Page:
Less than best
I'd like to award Best Smear Job to Metro Times, for its piece about the Russell Bazaar in the Best of Detroit issue (April 22). I appreciated the nice words about the Russell Industrial Center; then I noticed the smear job on the Bazaar. What is unfortunate about the second half of the article is that the writer lumped all the stores together. We have well over 100 vendors in the Bazaar and I can assure you that all of them do not sell porn and dusty video games. And frankly, to question a salon is ridiculous. I am sure that the writer of the article is fully aware that there is a salon in the Somerset Collection (where he or she shops, I'm sure), and I am pretty positive there is a cell phone store as well. But Somerset doesn't have original designers, like the Bazaar does and who were overlooked in the article. Or the fact that the Bazaar has business owners who are trying to develop retail in the city of Detroit. Sure Banana Republic is not in the Bazaar, but whose fault is that? Most likely major retailers with the same attitude as the writer of your smear piece, someone who believes the city of Detroit is just a waste of time
Give me the good, the bad, and the ugly. I will make sure to find them a place to do business in Detroit. —Eric C. Novack, project manager, Dionysia Properties, Detroit
Publish or perish
Thank you for the entertaining article on John A. Common, titled "Drunk Drunk Drunk" (April 22). I write poetry and short stories on a writing site and met John on it by reviewing back and forth. Thank you for straightening out something. John had told me he published a book and honestly I didn't believe him. I mean, here I am writing uplifting stories and award-winning poetry and can't even get a book deal.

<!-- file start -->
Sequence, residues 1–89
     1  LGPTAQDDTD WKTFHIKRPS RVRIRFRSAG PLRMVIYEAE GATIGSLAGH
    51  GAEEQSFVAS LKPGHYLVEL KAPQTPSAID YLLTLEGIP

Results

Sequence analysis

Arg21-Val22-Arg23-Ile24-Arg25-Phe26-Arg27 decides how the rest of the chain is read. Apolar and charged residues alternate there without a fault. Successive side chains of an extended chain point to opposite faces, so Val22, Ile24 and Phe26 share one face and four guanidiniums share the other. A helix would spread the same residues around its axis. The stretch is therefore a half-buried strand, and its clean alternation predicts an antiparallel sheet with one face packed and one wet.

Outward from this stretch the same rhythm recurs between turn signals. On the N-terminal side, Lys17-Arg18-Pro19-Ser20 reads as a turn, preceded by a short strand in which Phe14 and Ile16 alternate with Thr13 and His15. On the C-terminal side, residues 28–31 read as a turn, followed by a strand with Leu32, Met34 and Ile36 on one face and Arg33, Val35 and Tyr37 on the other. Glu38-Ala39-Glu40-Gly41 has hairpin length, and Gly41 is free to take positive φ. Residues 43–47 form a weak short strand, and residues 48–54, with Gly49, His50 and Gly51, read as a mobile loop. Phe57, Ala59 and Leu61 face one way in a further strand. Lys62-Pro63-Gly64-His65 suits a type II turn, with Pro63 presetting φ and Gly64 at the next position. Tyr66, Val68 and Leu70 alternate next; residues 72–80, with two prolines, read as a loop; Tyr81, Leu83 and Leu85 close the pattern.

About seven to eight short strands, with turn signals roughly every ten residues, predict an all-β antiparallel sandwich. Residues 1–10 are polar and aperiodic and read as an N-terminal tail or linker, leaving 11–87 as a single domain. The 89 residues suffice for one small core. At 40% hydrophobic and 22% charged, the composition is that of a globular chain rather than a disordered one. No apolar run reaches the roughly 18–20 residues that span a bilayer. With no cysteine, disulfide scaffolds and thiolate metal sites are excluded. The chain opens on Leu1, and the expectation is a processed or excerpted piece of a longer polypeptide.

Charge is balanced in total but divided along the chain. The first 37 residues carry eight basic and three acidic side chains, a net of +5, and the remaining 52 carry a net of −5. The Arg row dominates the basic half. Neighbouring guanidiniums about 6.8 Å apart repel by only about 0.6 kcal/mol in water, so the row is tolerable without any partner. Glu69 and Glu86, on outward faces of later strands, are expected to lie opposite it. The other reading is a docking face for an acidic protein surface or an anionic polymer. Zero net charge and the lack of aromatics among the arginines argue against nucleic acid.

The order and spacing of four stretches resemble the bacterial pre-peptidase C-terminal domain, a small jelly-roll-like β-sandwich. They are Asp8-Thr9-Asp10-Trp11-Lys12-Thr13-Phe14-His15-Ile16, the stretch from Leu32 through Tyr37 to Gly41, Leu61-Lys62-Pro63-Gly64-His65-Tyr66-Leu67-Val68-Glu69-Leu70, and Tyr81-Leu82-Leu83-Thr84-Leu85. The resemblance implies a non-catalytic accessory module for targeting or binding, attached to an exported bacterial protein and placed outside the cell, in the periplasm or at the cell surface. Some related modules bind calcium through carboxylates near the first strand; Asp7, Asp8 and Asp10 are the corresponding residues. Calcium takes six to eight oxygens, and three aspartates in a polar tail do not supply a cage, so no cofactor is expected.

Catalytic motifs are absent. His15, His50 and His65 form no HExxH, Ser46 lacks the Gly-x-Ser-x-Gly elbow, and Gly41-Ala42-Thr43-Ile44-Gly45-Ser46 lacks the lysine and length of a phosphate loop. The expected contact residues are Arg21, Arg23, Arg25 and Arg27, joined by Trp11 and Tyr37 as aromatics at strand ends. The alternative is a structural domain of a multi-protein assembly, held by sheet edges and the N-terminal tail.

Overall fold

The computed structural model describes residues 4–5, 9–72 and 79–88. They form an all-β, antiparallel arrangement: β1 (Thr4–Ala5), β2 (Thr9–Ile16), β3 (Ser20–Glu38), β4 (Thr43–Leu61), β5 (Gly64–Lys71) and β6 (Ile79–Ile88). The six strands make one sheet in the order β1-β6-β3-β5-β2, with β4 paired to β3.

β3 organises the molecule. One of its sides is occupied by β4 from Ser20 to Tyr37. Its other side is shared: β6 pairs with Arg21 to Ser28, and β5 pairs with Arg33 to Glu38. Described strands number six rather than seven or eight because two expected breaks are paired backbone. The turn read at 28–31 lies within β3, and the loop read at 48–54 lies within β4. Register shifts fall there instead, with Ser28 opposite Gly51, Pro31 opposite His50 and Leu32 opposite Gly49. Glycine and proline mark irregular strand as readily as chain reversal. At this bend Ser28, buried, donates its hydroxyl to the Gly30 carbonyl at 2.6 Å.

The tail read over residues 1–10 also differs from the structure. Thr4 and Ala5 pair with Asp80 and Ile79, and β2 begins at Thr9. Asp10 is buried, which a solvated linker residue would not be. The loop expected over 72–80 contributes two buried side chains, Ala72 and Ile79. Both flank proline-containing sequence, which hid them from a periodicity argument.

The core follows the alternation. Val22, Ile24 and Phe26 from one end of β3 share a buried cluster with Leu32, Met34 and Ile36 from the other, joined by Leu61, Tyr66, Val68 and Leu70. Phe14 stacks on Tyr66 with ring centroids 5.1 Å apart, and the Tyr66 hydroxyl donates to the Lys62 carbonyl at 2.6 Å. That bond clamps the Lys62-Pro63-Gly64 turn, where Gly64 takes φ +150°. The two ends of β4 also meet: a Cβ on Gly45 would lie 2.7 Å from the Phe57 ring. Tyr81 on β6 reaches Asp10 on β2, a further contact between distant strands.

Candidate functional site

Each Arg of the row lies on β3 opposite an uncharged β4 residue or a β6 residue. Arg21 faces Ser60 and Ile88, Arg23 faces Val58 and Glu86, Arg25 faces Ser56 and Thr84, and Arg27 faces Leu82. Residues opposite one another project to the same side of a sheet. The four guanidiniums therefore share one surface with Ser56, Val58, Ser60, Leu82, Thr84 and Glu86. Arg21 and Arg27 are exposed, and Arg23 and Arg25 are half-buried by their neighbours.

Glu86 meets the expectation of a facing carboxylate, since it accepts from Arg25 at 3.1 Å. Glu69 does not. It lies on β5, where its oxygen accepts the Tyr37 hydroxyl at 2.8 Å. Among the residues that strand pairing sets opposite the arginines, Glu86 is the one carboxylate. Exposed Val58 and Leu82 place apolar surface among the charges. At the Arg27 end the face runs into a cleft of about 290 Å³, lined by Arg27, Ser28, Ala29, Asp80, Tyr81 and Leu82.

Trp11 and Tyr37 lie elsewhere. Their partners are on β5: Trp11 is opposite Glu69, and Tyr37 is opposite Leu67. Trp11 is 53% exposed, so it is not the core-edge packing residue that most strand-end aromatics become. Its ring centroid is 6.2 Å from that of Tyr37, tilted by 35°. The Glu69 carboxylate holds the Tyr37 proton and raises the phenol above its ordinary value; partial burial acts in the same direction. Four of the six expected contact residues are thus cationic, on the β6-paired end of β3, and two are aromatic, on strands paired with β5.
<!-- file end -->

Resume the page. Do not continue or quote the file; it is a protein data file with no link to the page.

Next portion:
I read John's poetry and I felt sorry for him at first. I suggested trying for another job. I told him poverty was a disease and offered information on self-help books and tried to console him. I realized he liked the world he was in — Taylor. I'm seeing now I should have taken advice from John, no doubt. Looks like he's moving on up! —Nuala Molloy Moran, Fort Lauderdale
I believe we need a one-tier, Universal Health Care system paid for through tax dollars. Such a system should be cheaper and more efficient, as the profit required in our current private sector insurance system would be eliminated and one common system of paperwork would exist. Most people contribute some of their pay (i.e. co-pays, deductibles) even with corporate-provided insurance, so why not remove the burden from corporations, thereby making them more competitive globally? Some people claim we would lose some freedom of choice in our care in such a system but I see it just the opposite. In Canada for example, you can go to any doctor you wish and are not at the mercy of some company trying to make a profit by refusing you insurance coverage. —Jason Dumas, Rochester